RE: Concepts: Security and Obscurity

I don't think port-knocking (generically) qualifies as "security
through obscurity". Consider two examples:

This is widely implemented; anyone who needs to find out how to
implement it for yet another platform can find more than enough
detail publicly available to enable them to do so.
But security of SSL isn't assumed to depend on attackers failing
to avail themselves of this wealth of public knowledge -- it rests
on keeping the session keys secret, and they only ever need to be
known by a pair of machines. Widespread knowledge of the mechanism
doesn't weaken the measure.

2. Phone switch tapping
One of the government's major concerns about the NY Times disclosure
of the warrantless NSA wiretapping program was the revelation, in a
follow-up article, that the NSA was using eavesdropping ports built
into phone company switches -- designed for legal wiretapping... --
to do it.
Now I'm pretty sure that to anyone who knows even a little about
telephone network equipment, this is pretty obviously the way to do
it, but the gov't contends that this disclosure of the mechanism
severely damaged the effectiveness of the measure. (This mechanism
needs to be widely enough known throughout those who work on or with
such equipment that I cannot imagine founding any crucial security
measure on the requirement that it be unknown to hostiles....)

If the disclosure of the mechanism doesn't weaken the measure --
in fact, may strengthen it by persuading some potential attackers to
seek lower-hanging fruit! -- then it's not Security Through Obscurity.
If disclosure of the mechanism substantially weakens the measure, or
renders it ineffective, then that's STO.
The knowledge that one is doing port-knocking doesn't render one
suddenly open to practical attacks based on that knowledge, unless
the actual ports being used are disclosed. (Brute forcing a port-
knocking access should require about the square of the effort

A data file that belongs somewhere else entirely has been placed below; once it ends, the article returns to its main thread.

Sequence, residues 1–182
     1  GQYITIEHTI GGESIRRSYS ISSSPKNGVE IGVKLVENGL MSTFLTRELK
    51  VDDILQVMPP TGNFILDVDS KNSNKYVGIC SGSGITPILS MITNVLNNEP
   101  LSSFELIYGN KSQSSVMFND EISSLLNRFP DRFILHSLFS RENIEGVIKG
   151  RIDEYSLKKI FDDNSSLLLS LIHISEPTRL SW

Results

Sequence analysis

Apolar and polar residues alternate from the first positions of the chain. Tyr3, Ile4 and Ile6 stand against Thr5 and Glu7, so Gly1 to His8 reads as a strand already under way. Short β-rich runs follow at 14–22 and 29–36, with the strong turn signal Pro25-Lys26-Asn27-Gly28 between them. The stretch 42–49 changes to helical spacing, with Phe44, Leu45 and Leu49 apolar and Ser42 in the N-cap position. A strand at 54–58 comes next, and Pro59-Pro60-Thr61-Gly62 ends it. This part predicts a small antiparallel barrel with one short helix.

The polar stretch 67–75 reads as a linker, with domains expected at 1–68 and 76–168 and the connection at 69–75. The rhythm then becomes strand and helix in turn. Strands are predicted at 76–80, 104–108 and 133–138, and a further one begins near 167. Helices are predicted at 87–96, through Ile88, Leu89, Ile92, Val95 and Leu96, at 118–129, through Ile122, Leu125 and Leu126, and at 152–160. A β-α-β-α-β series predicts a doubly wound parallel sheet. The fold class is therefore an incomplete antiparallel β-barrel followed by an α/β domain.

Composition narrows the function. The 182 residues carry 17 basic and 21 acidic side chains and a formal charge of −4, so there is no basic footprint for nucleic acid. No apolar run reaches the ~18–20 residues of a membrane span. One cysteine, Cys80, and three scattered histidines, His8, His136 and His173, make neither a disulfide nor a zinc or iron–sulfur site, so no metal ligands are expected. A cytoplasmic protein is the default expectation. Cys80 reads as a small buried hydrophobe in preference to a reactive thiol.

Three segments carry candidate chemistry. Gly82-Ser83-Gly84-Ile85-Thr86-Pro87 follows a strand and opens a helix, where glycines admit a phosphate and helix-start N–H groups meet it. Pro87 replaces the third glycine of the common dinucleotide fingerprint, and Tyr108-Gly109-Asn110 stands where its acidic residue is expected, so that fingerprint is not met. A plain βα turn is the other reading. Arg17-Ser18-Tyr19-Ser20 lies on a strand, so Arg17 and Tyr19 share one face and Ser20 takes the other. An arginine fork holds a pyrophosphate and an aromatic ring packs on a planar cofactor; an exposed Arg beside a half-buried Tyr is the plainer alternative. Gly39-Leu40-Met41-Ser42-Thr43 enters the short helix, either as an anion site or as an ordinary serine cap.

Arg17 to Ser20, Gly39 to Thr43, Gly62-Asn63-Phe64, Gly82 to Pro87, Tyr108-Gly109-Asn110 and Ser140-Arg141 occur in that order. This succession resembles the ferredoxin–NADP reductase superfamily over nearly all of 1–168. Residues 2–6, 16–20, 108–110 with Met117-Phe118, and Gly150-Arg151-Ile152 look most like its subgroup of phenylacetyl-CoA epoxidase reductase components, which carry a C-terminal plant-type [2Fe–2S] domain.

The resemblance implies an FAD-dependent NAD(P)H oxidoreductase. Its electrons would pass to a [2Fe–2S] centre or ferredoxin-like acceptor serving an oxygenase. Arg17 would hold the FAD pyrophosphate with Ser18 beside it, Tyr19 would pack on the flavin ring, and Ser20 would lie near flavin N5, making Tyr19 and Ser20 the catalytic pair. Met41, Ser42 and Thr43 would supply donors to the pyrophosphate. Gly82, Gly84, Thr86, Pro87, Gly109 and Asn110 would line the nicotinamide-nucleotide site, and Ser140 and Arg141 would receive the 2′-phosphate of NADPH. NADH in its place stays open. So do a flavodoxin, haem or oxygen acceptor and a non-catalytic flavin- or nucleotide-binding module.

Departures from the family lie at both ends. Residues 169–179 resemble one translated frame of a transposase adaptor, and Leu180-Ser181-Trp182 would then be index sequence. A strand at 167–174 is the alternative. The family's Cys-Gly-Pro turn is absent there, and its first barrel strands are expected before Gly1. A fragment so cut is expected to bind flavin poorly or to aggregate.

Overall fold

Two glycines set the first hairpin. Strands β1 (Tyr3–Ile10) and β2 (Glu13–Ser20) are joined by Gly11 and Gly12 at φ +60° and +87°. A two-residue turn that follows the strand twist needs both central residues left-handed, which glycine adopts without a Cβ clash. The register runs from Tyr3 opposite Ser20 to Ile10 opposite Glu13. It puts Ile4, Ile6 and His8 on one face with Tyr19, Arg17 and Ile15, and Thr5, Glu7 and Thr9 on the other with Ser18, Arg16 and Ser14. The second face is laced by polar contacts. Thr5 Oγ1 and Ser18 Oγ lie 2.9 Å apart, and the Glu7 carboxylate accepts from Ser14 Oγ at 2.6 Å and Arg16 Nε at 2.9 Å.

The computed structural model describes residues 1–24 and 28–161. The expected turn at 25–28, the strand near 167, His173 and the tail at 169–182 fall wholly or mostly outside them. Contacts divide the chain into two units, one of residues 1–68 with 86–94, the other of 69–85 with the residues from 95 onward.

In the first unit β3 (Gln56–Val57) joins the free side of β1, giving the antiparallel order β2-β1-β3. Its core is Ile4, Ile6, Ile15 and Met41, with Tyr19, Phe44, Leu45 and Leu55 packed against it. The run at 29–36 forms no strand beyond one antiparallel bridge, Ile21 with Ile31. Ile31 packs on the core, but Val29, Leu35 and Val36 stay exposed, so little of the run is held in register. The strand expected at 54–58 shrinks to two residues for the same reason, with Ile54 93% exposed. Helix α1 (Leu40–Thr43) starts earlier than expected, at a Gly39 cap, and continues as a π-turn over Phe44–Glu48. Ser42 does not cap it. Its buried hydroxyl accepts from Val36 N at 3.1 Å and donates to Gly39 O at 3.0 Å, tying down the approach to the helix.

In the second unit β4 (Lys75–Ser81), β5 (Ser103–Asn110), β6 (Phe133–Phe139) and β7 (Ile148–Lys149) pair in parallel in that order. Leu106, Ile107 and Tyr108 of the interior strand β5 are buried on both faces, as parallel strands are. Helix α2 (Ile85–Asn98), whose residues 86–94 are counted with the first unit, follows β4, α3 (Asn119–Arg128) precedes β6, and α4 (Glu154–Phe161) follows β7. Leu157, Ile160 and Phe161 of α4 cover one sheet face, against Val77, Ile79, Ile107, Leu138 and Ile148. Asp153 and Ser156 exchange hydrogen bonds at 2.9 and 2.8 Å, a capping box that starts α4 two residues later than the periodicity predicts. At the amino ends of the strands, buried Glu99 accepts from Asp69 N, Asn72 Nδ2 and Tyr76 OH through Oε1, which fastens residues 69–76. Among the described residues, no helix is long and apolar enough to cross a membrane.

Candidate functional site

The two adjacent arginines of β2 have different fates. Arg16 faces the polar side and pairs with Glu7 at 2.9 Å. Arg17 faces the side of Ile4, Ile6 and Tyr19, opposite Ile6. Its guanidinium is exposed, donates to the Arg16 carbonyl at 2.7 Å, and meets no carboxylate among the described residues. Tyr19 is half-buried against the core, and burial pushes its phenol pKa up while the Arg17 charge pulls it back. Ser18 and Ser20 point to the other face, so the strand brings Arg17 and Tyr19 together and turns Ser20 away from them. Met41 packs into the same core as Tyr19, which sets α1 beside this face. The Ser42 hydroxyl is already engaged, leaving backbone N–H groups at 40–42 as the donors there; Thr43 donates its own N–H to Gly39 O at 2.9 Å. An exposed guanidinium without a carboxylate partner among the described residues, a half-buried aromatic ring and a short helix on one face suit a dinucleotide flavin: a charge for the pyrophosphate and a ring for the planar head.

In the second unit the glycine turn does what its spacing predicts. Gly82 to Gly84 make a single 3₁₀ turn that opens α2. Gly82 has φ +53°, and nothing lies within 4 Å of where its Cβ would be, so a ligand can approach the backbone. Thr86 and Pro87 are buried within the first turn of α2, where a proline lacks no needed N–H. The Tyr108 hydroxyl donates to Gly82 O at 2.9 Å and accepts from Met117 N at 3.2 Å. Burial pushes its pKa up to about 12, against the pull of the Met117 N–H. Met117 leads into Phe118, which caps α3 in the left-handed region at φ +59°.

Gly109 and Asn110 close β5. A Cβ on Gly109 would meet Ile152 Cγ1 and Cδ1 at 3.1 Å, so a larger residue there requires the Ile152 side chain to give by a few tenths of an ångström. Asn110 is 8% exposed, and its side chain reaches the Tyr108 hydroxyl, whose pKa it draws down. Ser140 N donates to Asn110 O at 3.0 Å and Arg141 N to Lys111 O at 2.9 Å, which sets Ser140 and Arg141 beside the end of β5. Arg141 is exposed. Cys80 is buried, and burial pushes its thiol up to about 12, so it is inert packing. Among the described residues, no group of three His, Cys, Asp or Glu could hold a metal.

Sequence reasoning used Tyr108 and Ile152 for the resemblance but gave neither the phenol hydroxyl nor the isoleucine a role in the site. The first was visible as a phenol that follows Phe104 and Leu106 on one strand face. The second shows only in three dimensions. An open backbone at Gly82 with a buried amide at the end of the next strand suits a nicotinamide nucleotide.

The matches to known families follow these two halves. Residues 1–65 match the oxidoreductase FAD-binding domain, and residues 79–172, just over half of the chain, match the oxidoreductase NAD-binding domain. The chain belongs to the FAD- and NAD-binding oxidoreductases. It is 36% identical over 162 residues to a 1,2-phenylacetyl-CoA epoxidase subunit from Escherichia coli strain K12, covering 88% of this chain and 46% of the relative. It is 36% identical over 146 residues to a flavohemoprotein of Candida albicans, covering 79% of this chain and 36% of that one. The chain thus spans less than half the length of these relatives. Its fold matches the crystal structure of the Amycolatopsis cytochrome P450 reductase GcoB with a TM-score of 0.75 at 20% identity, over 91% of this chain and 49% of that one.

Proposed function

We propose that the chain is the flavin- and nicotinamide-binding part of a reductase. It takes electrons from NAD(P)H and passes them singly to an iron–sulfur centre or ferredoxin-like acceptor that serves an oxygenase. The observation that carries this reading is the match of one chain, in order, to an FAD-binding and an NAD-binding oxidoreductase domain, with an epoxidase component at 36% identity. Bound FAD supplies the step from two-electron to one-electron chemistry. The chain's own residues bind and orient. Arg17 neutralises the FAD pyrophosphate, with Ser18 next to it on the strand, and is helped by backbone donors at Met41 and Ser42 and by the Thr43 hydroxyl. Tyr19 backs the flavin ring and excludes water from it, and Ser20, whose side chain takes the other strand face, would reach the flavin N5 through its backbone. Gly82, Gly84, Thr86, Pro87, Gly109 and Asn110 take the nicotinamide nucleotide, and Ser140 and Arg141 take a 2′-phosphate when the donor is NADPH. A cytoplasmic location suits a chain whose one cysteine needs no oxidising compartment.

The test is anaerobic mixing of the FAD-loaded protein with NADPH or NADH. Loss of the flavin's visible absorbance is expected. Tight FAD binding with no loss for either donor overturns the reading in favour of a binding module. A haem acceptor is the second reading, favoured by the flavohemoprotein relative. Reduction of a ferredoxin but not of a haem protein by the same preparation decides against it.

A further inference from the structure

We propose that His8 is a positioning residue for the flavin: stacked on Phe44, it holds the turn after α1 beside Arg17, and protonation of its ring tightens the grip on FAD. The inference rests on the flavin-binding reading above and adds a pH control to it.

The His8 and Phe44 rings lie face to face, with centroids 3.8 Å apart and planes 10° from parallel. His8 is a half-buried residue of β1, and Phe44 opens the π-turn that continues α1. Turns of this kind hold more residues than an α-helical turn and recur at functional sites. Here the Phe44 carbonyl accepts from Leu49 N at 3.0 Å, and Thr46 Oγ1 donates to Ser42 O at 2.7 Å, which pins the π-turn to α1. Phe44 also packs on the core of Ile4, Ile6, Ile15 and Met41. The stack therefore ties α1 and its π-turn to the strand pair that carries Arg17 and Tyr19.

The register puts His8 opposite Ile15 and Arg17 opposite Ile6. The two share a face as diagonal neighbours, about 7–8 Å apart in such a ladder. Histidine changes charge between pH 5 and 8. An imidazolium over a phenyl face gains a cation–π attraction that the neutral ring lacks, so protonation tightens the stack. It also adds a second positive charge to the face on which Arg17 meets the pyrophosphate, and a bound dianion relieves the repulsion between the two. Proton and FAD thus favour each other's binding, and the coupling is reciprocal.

of a port-scan if you don't know the knock ports, right?) So this
measure retains its effectiveness even when the mechanism is known,
and does not rely on the secrecy of the mechanism.

David Gillett

-----Original Message-----
From: listbounce@xxxxxxxxxxxxxxxxx
[mailto:listbounce@xxxxxxxxxxxxxxxxx] On Behalf Of Daniel Miessler
Sent: Wednesday, April 04, 2007 8:28 PM
To: warl0ck@xxxxxxxxxxx
Cc: security-basics@xxxxxxxxxxxxxxxxx
Subject: Re: Concepts: Security and Obscurity

On Apr 4, 2007, at 3:55 PM, Pranay Kanwar wrote:

"Kerckhoffs' principle applies beyond codes and ciphers to security
systems in general: every secret creates a potential failure point.
Secrecy, in other words, is a prime cause of
brittleness-and therefore
something likely to make a system prone to catastrophic collapse.
Conversely, openness provides ductility."

Thanks for commenting, Pranay. I would argue, however, that
this applies to situations where the security of the system
RESTS on secrecy, not when the security of the system is
independent of any secrecy as a layer. I just don't see any
practical, real-world downside to systems such as SPA or
Portknocking when they sit in front of daemons that have
already been significantly secured.


Daniel Miessler
E: daniel@xxxxxxxxxxxxx
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